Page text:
LG is typically more known for its consumer-level handsets like the LG Voyager and the LG Chocolate. So it was a pleasant surprise to us when we found out LG was partnering with Sprint to come up with the LG LX400, one of the first phones to support QChat, a push-to-talk technology that can be used with Nextel's Direct Connect even over a CDMA network. This means the LX400 is primarily built for business and enterprise use, but features like Bluetooth, GPS, mobile e-mail, and a megapixel camera could prove useful in and out of the workplace. The LX400 is available for $79.99 with a new two-year service agreement and a $50 rebate.
Unlike most push-to-talk phones, the LX400's design is not lacking in style. We're quite pleased with its deep red hue and sharp, tapered look. Measuring 3.5 inches long by 1.9 inches wide by 0.82 inch thick, the LX400 feels solid in the hand and won't weigh you down at around 3.2 ounces.
A rather big speaker grille sits prominently on the front of the phone. Underneath that is a 1-inch 65,000 color external display that shows the date, time, battery life, signal strength, and caller ID. You can also use the external display as a self-portrait camera viewfinder. You can adjust its screensaver and clock style, but nothing else. At the bottom front of the phone is a camera lens. The push-to-talk/Direct Connect key, volume rocker, and charger jack sits on the left spine, while the headset jack and dedicated camera key is on the right. On top of the phone are a Direct Connect speaker button that toggles the speaker on and off during a push-to-talk connection. There's also a Stop button with several functions: ending a Direct Connect call, pulling up recent call history when in idle mode, and allowing you to make a voice call when the phone is closed.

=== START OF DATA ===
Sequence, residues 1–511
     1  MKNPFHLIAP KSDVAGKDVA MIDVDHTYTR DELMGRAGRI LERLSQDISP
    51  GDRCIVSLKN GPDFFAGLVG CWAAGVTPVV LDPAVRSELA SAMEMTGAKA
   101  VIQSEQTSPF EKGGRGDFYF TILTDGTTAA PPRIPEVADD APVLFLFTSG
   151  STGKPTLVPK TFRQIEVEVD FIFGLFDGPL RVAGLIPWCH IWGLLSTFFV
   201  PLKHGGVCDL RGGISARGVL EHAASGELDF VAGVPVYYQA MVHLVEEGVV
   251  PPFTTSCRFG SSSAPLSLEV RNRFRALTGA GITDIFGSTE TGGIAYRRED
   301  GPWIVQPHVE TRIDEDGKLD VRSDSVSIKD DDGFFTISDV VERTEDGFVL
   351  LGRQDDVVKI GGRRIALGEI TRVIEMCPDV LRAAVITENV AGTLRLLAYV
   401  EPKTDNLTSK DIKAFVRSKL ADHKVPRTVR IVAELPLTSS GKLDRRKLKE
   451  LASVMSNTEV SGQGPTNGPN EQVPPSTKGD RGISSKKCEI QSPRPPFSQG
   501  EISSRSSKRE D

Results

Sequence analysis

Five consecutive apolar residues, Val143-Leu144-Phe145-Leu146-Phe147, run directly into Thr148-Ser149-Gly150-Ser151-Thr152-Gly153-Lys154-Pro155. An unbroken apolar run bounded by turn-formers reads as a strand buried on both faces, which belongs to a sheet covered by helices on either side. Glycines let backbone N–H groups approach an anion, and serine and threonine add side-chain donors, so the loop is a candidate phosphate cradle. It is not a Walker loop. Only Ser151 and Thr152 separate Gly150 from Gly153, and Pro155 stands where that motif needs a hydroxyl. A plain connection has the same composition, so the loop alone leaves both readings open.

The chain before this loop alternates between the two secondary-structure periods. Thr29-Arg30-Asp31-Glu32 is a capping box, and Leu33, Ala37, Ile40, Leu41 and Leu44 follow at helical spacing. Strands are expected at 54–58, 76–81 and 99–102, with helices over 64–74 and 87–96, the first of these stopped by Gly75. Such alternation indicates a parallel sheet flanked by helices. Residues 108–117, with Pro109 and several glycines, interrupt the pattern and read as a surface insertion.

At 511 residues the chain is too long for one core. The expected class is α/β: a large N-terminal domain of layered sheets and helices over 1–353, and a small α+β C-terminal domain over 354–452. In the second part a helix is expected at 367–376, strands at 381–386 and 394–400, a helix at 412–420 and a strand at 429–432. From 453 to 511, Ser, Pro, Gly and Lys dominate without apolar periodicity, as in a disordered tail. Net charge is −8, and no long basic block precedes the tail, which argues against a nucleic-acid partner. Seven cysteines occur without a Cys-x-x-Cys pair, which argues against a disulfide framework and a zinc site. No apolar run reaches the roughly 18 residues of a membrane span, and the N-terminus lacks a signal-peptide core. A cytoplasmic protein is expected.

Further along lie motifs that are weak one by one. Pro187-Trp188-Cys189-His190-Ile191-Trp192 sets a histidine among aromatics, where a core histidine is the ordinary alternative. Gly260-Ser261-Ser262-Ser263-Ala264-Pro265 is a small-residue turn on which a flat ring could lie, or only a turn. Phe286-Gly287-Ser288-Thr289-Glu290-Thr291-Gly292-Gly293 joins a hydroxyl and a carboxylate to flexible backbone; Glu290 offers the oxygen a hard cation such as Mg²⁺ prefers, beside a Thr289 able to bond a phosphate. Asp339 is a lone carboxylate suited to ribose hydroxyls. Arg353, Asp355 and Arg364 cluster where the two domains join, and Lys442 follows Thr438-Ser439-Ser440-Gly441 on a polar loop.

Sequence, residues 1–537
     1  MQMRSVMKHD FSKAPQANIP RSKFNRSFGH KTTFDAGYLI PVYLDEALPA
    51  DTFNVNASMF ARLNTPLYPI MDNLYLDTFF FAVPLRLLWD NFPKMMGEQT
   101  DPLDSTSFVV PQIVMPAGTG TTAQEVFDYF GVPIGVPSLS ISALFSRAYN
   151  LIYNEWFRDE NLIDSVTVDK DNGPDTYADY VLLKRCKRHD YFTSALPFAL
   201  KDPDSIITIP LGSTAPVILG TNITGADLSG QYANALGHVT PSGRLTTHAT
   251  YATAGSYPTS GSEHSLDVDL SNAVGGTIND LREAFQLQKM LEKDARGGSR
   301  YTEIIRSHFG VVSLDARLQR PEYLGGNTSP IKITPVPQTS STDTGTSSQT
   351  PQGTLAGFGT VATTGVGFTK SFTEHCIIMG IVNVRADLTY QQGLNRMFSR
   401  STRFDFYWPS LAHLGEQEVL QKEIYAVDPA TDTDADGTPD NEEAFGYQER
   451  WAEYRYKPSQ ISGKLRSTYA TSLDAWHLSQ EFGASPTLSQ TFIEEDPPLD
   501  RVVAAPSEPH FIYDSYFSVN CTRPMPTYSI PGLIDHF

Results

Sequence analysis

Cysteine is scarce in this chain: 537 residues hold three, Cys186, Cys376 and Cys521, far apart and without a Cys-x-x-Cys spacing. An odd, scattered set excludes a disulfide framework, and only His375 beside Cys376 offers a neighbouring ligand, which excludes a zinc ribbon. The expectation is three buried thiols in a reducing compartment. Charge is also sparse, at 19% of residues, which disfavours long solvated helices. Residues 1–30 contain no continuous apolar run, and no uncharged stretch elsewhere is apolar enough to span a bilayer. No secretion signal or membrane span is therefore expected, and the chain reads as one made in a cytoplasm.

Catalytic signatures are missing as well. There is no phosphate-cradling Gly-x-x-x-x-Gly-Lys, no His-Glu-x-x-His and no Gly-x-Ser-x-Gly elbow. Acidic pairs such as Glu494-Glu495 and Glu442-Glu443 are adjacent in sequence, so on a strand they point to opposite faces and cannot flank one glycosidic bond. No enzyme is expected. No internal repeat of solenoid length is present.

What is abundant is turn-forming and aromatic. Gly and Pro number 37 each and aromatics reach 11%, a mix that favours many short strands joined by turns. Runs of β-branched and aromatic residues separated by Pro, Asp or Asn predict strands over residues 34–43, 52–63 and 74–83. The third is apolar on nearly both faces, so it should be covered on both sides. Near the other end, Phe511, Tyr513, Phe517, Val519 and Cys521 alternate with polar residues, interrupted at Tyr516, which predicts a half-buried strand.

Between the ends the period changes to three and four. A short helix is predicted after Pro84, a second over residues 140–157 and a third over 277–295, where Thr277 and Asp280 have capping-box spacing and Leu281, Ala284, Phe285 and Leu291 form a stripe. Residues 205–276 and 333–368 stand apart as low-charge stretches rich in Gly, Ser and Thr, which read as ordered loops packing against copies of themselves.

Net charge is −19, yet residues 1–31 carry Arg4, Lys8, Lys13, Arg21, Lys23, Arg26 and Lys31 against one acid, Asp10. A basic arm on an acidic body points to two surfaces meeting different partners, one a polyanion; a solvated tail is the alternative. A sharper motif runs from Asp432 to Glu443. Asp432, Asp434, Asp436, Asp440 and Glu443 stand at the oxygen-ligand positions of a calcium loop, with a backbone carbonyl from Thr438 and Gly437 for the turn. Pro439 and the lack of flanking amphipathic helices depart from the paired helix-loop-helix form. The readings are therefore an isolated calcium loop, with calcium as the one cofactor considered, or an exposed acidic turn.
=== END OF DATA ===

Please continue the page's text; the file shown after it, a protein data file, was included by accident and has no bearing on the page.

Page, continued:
When you open the phone, you'll find a 262,144 color display that displays images and graphics with sharp and clear detail. You can adjust the backlight timer, skins, dialing font, foregrounds, plus the animation on the screen whenever there's an incoming call. The menu is the standard Sprint grid style interface and is easy to use. You also have the option of arranging the menu in a list style.
Underneath the display is the navigation array, which consists of two soft keys, a dedicated speakerphone key, a dedicated new text message key, plus a four-way toggle with a middle Menu/OK key. The four-way toggle can also be mapped to four user-defined shortcuts. There's the usual Talk, Back, and End/Power keys. The keys are all rather flat to the surface of the phone, but there are slight beveled edges in between each key to help with dialing and texting by feel.